Color Theory - Advanced
Color SystemsFirst of all, it’s important to mention there are various color systems depending on the type of medium color is used in. In this case, we’re talking about the RYB system of Red, Yellow and Blue, typically used by artists working with color cosmetics or paints. You may also have heard of CMY - Cyan, Magenta and Yellow, or CMYK, with the addition of key (Black) this is used in graphics and printing, or RGB which is the system used in electronics such as television, photography and computers. The main difference between them is, when considering RYB we are looking at the physical presence of a color either in an object or living thing, something you can touch like the face or an apple for example. This is known as subtractive. The others are colors that are created by something you cannot touch i.e. light, rainbows, reflections and digital color imagery on screens. These are known as additive. This is why we have a different impression of colors created by light and physical colors, and of course why make-up and other physical colors can look different on camera or screens to how you perceive it with your eyes.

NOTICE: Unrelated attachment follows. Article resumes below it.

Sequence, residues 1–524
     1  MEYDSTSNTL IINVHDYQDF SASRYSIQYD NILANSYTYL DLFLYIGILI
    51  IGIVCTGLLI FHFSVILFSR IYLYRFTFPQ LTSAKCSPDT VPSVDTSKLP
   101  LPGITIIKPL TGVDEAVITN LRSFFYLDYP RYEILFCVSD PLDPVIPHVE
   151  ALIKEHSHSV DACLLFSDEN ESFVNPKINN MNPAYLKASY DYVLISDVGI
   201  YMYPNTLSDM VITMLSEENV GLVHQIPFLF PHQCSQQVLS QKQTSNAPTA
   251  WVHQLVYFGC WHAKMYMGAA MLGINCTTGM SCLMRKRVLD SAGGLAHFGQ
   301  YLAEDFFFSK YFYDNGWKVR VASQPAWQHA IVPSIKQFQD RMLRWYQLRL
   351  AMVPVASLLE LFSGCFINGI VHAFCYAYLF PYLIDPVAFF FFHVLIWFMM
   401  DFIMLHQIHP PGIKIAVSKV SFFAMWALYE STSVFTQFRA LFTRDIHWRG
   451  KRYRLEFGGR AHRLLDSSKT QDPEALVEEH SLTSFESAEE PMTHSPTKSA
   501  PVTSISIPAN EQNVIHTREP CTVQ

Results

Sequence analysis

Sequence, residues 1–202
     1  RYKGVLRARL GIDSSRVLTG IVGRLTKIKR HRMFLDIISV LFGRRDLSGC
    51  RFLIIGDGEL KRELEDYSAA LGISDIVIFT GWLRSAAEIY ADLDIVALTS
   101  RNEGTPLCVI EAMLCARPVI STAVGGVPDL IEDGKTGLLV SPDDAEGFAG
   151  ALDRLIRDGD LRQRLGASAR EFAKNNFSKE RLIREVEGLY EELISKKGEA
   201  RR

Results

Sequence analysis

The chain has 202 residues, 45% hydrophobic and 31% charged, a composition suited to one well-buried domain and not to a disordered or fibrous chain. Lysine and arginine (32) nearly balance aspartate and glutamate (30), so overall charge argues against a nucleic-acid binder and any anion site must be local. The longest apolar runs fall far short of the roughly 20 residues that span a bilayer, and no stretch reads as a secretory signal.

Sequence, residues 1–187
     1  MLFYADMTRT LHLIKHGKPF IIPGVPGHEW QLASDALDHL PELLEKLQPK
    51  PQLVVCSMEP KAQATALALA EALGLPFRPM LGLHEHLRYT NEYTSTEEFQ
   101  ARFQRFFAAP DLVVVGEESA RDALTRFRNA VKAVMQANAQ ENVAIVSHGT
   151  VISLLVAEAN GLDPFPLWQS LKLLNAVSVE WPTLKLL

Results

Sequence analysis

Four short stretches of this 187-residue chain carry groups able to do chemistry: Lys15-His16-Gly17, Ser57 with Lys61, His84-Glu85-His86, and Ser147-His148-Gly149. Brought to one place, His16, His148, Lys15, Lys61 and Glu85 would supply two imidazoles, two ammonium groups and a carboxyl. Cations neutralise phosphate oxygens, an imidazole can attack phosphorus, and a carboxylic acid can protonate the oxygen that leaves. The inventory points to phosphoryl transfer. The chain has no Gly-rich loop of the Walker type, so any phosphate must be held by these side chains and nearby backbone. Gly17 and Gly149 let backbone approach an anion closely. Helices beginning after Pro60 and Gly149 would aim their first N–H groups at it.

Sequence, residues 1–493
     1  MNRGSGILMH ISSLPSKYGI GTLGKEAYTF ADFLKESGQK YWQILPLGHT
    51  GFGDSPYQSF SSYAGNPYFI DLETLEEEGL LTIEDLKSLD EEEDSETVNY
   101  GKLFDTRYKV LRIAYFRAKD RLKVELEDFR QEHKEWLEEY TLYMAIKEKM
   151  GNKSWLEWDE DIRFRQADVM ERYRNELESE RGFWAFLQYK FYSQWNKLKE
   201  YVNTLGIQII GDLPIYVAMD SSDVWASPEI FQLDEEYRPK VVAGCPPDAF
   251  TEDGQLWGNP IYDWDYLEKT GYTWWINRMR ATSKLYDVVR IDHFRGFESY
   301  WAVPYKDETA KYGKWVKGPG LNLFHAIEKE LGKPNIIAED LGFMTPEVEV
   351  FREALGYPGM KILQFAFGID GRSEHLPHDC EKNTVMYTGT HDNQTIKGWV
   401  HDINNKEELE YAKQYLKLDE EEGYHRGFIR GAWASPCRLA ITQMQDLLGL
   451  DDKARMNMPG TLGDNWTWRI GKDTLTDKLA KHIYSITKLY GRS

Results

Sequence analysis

The Color WheelSo, let’s start with the fundamental model subtractive color mixing is based upon. The Color Wheel developed to this stage by Isaac Newton in 1666.
The color wheel displays a logical sequence of 12 colors or hues in relation to each other which helps to illustrate color theory in the simplest way. The wheel is a tool that helps us to understand how colors relate to each other and how the human eye perceives them, which is fundamental when approaching make-up. The color wheel is laid out to initially showcase the relationships between the primary colors, plus the colors and hues that bridge the gaps between them.
Color TerminologyFirst let’s break that information down.
COLOR is categorized by three characteristics HUE, VALUE & INTENSITY.